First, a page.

Simmons students care passionately about the issues they believe in. So far this semester, Simmons students have taken their interests to the next level by working together to take action.
Most recently, Simmons students displayed passion in the annual production of The Vagina Monologues, a play by Eve Ensler. This student-run performance truly combines acting with activism. The play educates, entertains, and enrages the audience about women's issues around the world, while featuring a spotlight organization. Each year, Vagina Monologues directors select a local organization to benefit from the funds raised. New England's first women's shelter, Transition House, is this year's beneficiary from the Simmons ticket sales. I had a total blast being a member of this year's cast, all while raising funds for an important cause!
For some, this semester began with an intensive January course known as Simmons World Challenge. This is a class that is open to sophomores and when I heard how much this year's class enjoyed it I felt nostalgic towards my experience last year in World Challenge. SWC offers unique courses with new topics each year, and students collaborate in small groups to brainstorm, research, explore, create, and present a solution to an issue. This year's program actually had two different topics: one on immigration, and another about the media. One example of a World Challenge outcome this year was an in-depth analysis of how the media portrays violence.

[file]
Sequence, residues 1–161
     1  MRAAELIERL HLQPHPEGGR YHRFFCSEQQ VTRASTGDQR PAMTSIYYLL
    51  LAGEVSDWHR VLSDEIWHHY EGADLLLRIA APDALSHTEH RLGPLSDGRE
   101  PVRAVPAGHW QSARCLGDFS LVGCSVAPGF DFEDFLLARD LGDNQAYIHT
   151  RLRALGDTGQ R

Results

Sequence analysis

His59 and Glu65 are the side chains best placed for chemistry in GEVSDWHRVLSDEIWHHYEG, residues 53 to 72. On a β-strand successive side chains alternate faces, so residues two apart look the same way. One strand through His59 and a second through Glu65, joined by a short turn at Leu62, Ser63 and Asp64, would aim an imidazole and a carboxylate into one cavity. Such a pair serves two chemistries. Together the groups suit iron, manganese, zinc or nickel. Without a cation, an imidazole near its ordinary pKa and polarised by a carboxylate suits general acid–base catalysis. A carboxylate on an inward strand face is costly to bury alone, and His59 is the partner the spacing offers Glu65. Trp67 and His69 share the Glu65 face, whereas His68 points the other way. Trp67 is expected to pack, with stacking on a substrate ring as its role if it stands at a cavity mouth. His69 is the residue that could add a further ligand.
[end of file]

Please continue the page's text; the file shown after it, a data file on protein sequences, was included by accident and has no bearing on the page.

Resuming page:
Another example of Simmons-supported activism that recently took place was the annual Like Minds retreat. For this year's retreat, I joined a group of Simmons students to a New Hampshire lakeside campsite. We spent the weekend discussing topics surrounding diversity and inclusion, and how these subjects relate to us as people and specifically as students of Simmons College. The Like Minds retreat was really a microcosm of Simmons values and attitudes, which meant that everyone was respectful, curious, and interested in applying knowledge to real life. So, the retreat ended with action steps about how we the students can make Simmons the most inclusive and accessible college in the country.
Not to be confused with the latter student organization for diversity and inclusion, Like Minds, is the organization Active Minds. Working to destigmatize mental health disorders by promoting open, enlightened discussion of mental health, the Simmons College chapter of Active Minds seeks to educate, enlighten, and empower all young adults to ensure their own mental health. Just recently Active Minds held an event called "Speak Out & Smash a Scale." The group gathered donated weight scales, and smashed them to bits with hammers in the Residence Quad. The idea behind such an event was to symbolically say "no!" to unhealthy beauty standards. Some people spoke out about the importance of having a positive body image and self esteem, and others, like myself, took a hammer and smashed a scale!
Every day, I am inspired by the charitable social-justice action that Simmons students engage in outside of the classroom to make the world a peaceful and just place for everyone.